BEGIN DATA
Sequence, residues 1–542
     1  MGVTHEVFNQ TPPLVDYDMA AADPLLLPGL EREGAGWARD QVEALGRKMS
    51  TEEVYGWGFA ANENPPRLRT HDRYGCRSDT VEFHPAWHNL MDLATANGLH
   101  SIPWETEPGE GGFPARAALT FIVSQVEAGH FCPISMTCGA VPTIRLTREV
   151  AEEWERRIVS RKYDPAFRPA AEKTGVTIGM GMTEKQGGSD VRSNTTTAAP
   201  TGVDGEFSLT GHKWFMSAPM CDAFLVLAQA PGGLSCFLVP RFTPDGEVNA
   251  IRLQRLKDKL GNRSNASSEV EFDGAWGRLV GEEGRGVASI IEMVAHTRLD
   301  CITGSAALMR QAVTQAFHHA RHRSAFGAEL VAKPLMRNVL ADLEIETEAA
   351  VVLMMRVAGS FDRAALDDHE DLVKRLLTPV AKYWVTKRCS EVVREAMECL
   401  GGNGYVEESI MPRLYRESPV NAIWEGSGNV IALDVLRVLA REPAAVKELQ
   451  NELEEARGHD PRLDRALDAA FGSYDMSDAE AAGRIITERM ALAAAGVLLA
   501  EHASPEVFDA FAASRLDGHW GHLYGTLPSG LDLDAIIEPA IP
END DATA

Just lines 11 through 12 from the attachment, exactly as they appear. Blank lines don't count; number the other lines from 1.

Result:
   451  NELEEARGHD PRLDRALDAA FGSYDMSDAE AAGRIITERM ALAAAGVLLA
   501  EHASPEVFDA FAASRLDGHW GHLYGTLPSG LDLDAIIEPA IP